Date of Award

Summer 8-18-2017

Level of Access

Open-Access Dissertation

Degree Name

Doctor of Philosophy (PhD)

Department

Psychology

Advisor

Merrill F. Elias

Second Committee Member

Michael A. Robbins

Third Committee Member

Adam Davey

Additional Committee Members

Alan M. Rosenwasser

Lenard W. Kaye

Abstract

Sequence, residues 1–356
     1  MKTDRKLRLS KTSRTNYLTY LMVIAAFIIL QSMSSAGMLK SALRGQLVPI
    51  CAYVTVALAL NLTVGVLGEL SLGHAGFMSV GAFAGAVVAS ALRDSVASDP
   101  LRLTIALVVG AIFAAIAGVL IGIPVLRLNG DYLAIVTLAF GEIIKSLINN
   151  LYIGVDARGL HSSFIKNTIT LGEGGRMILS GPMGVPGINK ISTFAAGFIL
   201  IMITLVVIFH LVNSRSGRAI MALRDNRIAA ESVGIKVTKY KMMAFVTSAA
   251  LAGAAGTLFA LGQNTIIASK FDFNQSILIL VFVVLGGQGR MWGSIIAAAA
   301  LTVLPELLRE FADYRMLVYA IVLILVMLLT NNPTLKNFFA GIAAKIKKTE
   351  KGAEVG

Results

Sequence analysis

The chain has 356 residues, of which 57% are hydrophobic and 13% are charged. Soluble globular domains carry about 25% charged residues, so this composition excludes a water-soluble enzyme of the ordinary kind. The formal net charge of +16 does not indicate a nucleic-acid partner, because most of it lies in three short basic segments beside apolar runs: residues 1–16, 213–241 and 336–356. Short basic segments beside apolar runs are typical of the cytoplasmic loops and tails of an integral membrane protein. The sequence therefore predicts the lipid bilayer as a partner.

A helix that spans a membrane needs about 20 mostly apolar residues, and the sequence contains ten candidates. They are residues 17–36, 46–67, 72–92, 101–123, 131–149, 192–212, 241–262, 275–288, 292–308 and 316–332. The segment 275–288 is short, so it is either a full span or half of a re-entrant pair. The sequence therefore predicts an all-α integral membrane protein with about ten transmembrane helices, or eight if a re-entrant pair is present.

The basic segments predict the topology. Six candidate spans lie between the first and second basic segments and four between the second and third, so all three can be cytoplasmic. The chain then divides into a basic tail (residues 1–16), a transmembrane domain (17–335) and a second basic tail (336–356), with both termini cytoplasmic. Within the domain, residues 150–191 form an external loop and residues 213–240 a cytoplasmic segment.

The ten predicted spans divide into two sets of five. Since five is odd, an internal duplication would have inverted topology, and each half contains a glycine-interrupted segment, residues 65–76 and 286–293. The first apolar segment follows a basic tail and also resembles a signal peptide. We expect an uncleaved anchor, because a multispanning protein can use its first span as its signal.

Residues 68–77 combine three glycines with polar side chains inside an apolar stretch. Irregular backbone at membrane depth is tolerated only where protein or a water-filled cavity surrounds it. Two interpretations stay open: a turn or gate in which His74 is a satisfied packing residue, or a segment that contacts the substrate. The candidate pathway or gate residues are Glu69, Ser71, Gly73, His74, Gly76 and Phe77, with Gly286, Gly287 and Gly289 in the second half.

The association of cardiovascular risk factors including hypertension, diabetes, cholesterol, kidney function, and arterial stiffness with cognitive impairment in older adults is a well-studied phenomenon. However, there is considerably less evidence relating cardiovascular health specifically to a diagnosis of Mild Cognitive Impairment (MCI). As a precursor state of dementia, MCI is characterized by a decline in cognitive function from previous level, but not to the degree that activities of daily living are impaired. Not everyone who is diagnosed with MCI will eventually transition to dementia, but the transition rates are much higher compared to the general population (5-15% per year compared to 1-2%). The primary aim of the current investigation is to examine the relationship between individual cardiovascular risk factors and 5-year incident MCI risk and to investigate whether these relationships are moderated by apolipoprotein E genotype (APOE). An additional primary aim was to investigate whether an aggregation count of cardiovascular risk factors (MSLS-CVRFS) and two common cardiovascular risk factor profiles (FRS and ASCVD risk score) were related to 5-year incident MCI risk. Following exclusions for dementia, the study sample included 625 (Average baseline age: 61.98, 61% female) participants from the 6th and 7th waves of the Maine-Syracuse Longitudinal Study (MSLS). MCI diagnosis was made by a team of three investigators applying established MCI diagnostic criteria, with 96 participants diagnosed with possible MCI. Multiple logistic regression analysis was used to examine the association between individual baseline cardiovascular risk factors (SBP, TC, HDL, LDL, TRIG, GFR, THCY, Diabetes, PWV) and MCI with adjustment for basic demographic covariates including age, sex, years of education, and ethnicity. The same method was used for determining APOE interaction effects and relating cardiovascular risk factor scores (CVRFS, FRS, ASCVD) with MCI risk. Among individual risk factors, higher GFR and HDL were associated with lower MCI risk, while diabetes was associated with higher MCI risk. No APOE interaction effects were observed. All three of the cardiovascular risk factor scores tested were associated with higher MCI risk. These findings have clinical implications with regard to predicting MCI risk with a combination of cardiovascular risk factors. While these factors have previously been related to continuously distributed cognitive performance measures, it is critical that their relationship to a clinically defined binary outcome like MCI be investigated because treatment decisions are based on diagnosis.

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